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How Long is Breast Milk Good For in the Fridge?



Pumping is often an important part of giving your baby breast milk. Even if you are primarily feeding your baby from the breast, pumping can be a great way to maintain a steady supply. There may also be times you want to pump and store your milk, like when you have to go out without your baby or allow your partner or another person to feed the baby so you can get some extra rest.


After you've pumped your milk, you may be wondering how long breast milk is good for in the fridge. You may also be wondering how storing breast milk affects its quality. In this article, we will answer those questions and also give you some tips on how to store breast milk properly.


How Long is Breast Milk in the Fridge Good For?

Pumped breast milk only lasts for 4 to 6 hours at room temperature. Storing it in the refrigerator can extend its shelf life by up to 4 days. In the freezer, breast milk can last even longer. In a regular freezer, it can last about 6 months, and up to 12 months in a deep freeze.


Does Refrigerating Breast Milk Affect Its Quality?

Yes, refrigerating breast milk can affect its quality to some extent. The cold reduces the number of living cells and breaks down some of the immunoglobulins (antibodies). However, refrigerated breast milk is still full of nutrition and very good for your baby as long as you properly reheat it.


Tips for Storing Breast Milk

Pumping out your milk is one thing, but storing it comes with its own set of challenges. Here are some tips to help you more easily store and keep track of pumped breast milk.


Use Storage Bags

Storage bags made specifically for storing breast milk are often the most convenient way to store breast milk. They come pre-cleaned and don’t need to be sterilized. They are also disposable and don’t take up a lot of room. Although some storage bags come with preprinted measurements, those measurements tend to be inaccurate. It’s often better to portion out your milk using a sterilized measuring cup or scale so you know exactly how much each bag contains. If you fill each bag with enough milk for a one-time use, you can also avoid wasting milk. 


Instead of storage bags, you can also use clean, food-grade glass jars or bottles to store breast milk. Be mindful when using recycled bottles. Some recycled plastic bottles contain BPA (Bisphenol A), which can be harmful to your baby. Make sure to avoid bottles with a recycle number 7 on them.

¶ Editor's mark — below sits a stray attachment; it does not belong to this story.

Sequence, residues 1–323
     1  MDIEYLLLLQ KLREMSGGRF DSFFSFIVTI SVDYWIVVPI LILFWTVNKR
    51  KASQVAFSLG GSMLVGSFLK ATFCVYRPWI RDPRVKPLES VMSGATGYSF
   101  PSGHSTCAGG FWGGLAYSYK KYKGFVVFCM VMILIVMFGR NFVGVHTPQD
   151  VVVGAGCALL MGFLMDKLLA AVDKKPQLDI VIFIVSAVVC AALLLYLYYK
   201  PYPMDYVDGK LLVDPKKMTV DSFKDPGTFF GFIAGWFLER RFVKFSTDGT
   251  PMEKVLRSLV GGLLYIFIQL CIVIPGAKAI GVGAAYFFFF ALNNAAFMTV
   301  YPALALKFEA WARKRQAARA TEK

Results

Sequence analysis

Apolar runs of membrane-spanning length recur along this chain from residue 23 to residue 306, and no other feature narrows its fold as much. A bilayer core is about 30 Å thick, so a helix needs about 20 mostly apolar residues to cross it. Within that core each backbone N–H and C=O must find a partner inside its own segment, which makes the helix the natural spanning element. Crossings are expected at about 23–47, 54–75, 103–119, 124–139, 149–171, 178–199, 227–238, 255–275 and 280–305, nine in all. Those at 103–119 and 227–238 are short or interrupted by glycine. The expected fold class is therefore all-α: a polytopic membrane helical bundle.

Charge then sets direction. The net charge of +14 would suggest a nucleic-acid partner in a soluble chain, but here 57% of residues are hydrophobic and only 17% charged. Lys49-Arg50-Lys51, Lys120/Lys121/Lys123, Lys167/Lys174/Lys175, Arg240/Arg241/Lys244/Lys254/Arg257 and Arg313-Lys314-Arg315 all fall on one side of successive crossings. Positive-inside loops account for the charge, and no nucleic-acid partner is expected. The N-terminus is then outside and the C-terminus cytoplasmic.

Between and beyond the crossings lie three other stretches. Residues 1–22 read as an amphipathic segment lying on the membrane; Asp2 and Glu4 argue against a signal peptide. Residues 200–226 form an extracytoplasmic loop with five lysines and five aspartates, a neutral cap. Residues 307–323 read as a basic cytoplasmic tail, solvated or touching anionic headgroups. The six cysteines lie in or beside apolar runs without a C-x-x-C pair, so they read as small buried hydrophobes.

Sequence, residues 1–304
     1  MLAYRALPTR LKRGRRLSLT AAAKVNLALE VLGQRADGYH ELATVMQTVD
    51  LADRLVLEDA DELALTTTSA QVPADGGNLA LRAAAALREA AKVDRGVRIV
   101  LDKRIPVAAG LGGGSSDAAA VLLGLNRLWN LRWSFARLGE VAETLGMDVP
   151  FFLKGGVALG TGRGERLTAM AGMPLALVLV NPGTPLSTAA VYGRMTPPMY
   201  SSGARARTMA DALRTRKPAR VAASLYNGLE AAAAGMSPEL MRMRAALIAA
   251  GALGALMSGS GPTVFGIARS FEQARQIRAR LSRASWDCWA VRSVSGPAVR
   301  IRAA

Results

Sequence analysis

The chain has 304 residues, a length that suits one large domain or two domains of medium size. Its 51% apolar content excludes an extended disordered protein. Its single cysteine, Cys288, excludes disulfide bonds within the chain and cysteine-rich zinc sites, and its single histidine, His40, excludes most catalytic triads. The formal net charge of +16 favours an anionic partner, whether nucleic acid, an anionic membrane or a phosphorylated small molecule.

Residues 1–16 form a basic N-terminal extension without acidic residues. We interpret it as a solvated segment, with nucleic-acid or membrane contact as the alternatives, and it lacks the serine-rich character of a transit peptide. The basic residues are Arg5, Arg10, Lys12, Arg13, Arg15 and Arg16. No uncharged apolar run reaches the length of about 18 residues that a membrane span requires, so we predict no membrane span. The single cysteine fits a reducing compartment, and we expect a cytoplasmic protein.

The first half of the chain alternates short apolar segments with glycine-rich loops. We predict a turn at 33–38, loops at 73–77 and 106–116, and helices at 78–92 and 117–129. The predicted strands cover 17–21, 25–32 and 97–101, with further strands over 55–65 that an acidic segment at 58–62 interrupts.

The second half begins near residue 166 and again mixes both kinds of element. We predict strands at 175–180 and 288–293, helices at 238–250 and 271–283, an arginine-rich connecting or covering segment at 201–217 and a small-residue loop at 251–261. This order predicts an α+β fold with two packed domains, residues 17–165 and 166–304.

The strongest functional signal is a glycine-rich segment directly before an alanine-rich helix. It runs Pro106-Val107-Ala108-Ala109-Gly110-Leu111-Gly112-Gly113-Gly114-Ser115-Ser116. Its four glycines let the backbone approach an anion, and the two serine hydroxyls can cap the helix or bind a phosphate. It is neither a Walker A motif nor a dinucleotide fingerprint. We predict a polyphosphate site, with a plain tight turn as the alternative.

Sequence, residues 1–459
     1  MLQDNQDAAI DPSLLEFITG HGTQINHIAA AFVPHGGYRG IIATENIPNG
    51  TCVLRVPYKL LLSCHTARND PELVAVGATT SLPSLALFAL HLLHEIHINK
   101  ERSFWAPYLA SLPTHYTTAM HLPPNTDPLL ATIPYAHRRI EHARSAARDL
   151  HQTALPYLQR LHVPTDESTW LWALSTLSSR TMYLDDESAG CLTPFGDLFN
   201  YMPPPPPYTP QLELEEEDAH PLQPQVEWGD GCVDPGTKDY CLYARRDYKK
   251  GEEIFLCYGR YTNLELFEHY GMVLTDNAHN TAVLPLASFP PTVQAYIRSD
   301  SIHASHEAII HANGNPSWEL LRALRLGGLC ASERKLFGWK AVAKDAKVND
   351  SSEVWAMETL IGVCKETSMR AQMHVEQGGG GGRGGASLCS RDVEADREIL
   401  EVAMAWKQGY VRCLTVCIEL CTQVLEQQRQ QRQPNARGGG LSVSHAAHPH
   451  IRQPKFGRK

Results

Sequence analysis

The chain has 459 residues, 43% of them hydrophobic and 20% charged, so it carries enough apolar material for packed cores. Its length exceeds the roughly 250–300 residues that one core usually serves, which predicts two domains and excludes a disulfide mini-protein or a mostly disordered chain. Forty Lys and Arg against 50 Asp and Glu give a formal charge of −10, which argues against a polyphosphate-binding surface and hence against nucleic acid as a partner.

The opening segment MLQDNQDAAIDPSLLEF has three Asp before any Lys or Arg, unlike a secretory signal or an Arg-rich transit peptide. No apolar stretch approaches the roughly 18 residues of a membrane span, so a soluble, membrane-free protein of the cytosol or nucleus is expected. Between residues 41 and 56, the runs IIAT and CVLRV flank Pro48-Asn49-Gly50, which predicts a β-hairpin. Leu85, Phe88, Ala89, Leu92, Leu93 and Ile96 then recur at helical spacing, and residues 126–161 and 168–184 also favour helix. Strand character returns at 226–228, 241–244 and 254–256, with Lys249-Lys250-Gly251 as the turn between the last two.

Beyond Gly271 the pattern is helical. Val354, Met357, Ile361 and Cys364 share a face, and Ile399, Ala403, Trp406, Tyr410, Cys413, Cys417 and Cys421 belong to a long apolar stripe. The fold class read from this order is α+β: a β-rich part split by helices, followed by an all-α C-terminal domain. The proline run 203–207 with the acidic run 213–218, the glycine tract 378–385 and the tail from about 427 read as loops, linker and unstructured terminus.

Leave Extra Space in Bags/Bottles

Liquid expands when it cools, and breast milk is no exception. Make sure you leave enough room in the storage bag or bottle when filling it with milk so you don’t end up with a mess.


Label Bags/Bottles Properly

Label storage bags or bottles with the date and time you pumped out the breast milk using a permanent marker or pen that won’t smudge if it gets wet. This is a great way to keep track of which milk is fresher. It is best to use older milk first, so your stash will last as long as possible.


Store Fresher Milk in the Back

Whether you are refrigerating or freezing your milk, it’s best to store “just-pumped” milk in the back of the fridge or freezer. It is colder back there, and it will be easier to use the older milk first when it’s the first thing you see when you open the door.


Frequently Asked Questions


Is breast milk okay after 5 days in the fridge?

No, you should only keep your breast milk in the fridge for a maximum of 4 days. If you don’t need to use the milk right away, transfer it to the freezer on or before the fourth day. It can last for up to 6 months in a regular freezer and up to 12 months in a deep freeze.


How will I know if breast milk is spoiled?

Spoiled breast milk smells and tastes sour. Make it a habit to always sniff or taste stored milk before feeding it to your baby.


Can I put breast milk back in the fridge after my baby drinks some of it?

Reheated breast milk can be safely kept at room temperature for up to two hours. Putting partially used breast milk back in the fridge is not recommended because it may contain bacteria from your baby’s mouth. Contaminated milk is not safe for your baby.


Can you rewarm breast milk twice?

No, you should only reheat refrigerated breast milk once. 


Summary

Your baby needs an average of 28 to 32 ounces of breast milk per day from 4 weeks until they are done breastfeeding. Storing breast milk properly in the fridge can help you maintain a steady supply and let others help you feed your baby.


For more medically-based, doctor-created, and patient-tested content on all things breastfeeding, check out our Better Breastfeeding platform. Get 24/7 access to information and solutions to help you effectively feed your baby, whether you are breastfeeding, pumping, or both.


Reviewed by Linda Dahl, MD

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